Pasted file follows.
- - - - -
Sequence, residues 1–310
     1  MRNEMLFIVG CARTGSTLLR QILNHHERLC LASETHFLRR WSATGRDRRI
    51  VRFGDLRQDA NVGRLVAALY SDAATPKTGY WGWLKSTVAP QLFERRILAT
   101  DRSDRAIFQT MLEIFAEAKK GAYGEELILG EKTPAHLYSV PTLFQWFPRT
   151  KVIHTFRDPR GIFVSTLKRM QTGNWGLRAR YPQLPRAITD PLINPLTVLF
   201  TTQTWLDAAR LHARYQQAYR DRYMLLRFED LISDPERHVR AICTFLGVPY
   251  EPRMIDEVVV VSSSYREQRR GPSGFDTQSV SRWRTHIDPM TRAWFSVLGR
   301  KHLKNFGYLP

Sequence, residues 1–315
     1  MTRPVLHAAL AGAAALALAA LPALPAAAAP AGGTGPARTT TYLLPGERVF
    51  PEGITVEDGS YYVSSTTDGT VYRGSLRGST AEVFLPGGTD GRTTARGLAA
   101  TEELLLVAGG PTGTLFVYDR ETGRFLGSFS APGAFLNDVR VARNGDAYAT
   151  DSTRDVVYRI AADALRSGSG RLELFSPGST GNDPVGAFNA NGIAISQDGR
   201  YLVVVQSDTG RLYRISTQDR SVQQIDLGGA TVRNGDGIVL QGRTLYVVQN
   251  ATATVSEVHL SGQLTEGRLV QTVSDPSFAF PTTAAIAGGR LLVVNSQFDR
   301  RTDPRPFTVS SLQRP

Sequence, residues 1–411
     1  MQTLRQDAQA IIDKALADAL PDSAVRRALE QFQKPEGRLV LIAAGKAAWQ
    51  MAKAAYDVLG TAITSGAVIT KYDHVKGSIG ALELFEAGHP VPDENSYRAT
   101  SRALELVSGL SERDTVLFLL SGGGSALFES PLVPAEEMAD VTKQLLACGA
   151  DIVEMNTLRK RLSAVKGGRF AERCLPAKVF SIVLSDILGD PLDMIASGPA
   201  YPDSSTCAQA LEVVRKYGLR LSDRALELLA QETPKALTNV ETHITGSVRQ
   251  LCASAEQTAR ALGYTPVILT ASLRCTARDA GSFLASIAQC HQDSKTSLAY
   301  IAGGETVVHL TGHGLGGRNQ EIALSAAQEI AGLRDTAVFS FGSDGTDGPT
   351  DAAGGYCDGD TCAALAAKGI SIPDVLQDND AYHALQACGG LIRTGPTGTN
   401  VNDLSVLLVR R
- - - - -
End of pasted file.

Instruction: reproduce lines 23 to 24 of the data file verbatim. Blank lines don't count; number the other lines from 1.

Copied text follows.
   251  LCASAEQTAR ALGYTPVILT ASLRCTARDA GSFLASIAQC HQDSKTSLAY
   301  IAGGETVVHL TGHGLGGRNQ EIALSAAQEI AGLRDTAVFS FGSDGTDGPT